Cover your face! Dust storms more likely in a warmer world

August 21, 2016

 

One of the characters in my latest book,“Albedo Effect, Book 2 of The Shade Ring Trilogy,” is an overheated Mother Nature. The trilogy is set a hundred years in the future against a backdrop of runaway global warming. So I’ve taken a keen interest in scientific predictions of what a hotter world might mean.  Among them: more haboobs. (Not talking body parts here.)

 

Haboob is from the Arabic, referring to huge sand storms blowing in from the desert.  But scientists say if the Earth keeps warming, we’ll see more giant sand storms and dust storms much closer to home. Like the leviathan that swallowed Phoenix in 2011. (See the "Arizona Republic" article here.) There have been monster dust storms and sand storms in recent years in the American southwest, China, Eastern Europe, Australia, and, of course, Africa.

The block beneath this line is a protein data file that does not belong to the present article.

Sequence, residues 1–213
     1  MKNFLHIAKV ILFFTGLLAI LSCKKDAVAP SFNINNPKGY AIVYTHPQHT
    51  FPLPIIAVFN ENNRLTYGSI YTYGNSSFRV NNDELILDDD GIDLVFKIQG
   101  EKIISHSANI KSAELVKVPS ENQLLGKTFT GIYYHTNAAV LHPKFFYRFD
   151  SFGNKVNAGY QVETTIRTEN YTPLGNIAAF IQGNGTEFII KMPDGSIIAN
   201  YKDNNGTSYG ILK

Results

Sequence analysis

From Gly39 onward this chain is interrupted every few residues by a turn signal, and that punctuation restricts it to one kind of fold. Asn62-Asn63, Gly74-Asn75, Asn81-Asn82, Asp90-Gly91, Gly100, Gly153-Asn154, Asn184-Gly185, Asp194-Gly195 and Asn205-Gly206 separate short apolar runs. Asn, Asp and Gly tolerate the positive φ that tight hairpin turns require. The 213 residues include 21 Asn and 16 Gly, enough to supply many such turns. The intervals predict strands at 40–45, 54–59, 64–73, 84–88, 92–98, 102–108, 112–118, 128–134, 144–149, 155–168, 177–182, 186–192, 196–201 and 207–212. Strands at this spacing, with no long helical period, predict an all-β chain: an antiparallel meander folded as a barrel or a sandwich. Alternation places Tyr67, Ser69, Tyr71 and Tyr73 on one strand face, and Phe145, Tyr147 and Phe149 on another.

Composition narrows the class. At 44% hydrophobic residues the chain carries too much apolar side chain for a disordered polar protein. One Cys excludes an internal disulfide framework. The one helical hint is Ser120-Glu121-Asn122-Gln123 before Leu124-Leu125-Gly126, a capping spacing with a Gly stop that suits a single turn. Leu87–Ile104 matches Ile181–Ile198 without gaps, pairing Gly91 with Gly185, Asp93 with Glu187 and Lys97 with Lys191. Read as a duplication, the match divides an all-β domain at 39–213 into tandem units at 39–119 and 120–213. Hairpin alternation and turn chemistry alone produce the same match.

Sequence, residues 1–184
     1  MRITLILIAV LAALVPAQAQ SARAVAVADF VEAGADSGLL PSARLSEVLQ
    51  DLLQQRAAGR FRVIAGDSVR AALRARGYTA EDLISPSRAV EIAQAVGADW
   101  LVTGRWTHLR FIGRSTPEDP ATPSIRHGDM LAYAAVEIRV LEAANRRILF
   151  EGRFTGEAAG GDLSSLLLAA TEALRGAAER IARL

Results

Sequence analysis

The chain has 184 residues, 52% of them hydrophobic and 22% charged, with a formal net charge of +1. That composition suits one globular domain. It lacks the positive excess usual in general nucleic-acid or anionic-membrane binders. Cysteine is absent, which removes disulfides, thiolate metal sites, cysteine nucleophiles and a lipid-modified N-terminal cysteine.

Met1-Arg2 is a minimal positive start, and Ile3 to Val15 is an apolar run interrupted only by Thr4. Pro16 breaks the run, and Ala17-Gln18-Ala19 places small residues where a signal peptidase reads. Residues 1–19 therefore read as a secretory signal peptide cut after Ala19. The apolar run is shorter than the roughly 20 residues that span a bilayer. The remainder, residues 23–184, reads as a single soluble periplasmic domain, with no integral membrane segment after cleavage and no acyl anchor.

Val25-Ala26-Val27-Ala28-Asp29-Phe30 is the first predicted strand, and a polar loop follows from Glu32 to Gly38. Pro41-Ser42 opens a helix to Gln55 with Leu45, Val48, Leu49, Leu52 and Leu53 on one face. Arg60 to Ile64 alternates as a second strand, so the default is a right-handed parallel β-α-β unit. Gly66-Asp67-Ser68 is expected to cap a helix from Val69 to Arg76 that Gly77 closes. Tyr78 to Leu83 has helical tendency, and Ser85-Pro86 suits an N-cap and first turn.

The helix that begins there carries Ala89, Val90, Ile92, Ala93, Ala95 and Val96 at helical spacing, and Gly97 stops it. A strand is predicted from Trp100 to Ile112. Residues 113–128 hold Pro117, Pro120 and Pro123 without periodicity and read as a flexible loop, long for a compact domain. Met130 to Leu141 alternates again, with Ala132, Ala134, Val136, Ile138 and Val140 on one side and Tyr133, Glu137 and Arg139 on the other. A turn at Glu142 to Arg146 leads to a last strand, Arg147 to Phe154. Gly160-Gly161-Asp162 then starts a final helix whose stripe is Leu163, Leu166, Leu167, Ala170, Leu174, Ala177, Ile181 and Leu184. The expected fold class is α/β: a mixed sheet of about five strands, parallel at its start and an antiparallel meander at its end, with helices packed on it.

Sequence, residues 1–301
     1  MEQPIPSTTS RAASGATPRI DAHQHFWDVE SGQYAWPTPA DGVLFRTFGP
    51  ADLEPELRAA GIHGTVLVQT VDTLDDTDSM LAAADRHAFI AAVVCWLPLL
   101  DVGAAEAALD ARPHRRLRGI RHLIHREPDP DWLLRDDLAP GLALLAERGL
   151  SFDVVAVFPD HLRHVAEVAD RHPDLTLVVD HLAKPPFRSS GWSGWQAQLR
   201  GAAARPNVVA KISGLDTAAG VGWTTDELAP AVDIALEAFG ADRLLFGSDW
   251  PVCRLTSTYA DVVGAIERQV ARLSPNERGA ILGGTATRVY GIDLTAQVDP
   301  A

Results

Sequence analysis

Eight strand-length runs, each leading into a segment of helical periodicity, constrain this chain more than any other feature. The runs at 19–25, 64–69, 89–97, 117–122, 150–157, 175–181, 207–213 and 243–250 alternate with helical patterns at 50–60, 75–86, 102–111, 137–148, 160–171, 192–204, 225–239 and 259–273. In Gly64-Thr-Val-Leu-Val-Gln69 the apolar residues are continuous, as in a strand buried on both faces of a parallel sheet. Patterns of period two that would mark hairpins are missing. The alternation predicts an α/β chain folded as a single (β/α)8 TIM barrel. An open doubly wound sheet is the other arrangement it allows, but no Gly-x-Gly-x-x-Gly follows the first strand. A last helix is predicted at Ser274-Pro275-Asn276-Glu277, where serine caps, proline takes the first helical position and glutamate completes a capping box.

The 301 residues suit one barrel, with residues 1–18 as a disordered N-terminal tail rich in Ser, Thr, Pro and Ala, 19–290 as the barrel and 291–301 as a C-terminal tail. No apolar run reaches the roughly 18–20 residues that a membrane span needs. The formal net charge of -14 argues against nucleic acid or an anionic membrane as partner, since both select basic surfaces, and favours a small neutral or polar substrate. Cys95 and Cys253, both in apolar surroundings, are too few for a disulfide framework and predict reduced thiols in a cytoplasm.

In the second book of “The Shade Ring Trilogy,” a monster dust storm plays a pivotal role in the story. It’s the kind of storm that plagued Texas, Oklahoma and other states during The Dust Bowl of the 1930s. The kind of dust storm that can be fatal.

 

And, as I was doing my research, I ran across some alarming developments occurring right now that may have extremely negative impacts in the not-too-distant future. We’re draining our aquifers – those underground water reservoirs that we’ve been pumping water from for decades – for drinking and to support agriculture. Once they’re drained, they’ll take thousands of years to replenish. And when an aquifer is sucked dry, the land above it sinks and dries out, thus contributing to more dust storms. Part of California’s San Joaquin Valley has sunk more than 28 feet. Beijing is sinking an average of four inches a year. You’ll be hearing more about our dwindling water supplies in the coming decades, along with more haboobs.

 

If you want to be notified when book 3 of the trilogy is published in 2017, you can sign up here.

 

The picture above was taken in Spearman, Texas, April 14, 1935.

 

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© 2015 by Connie Lacy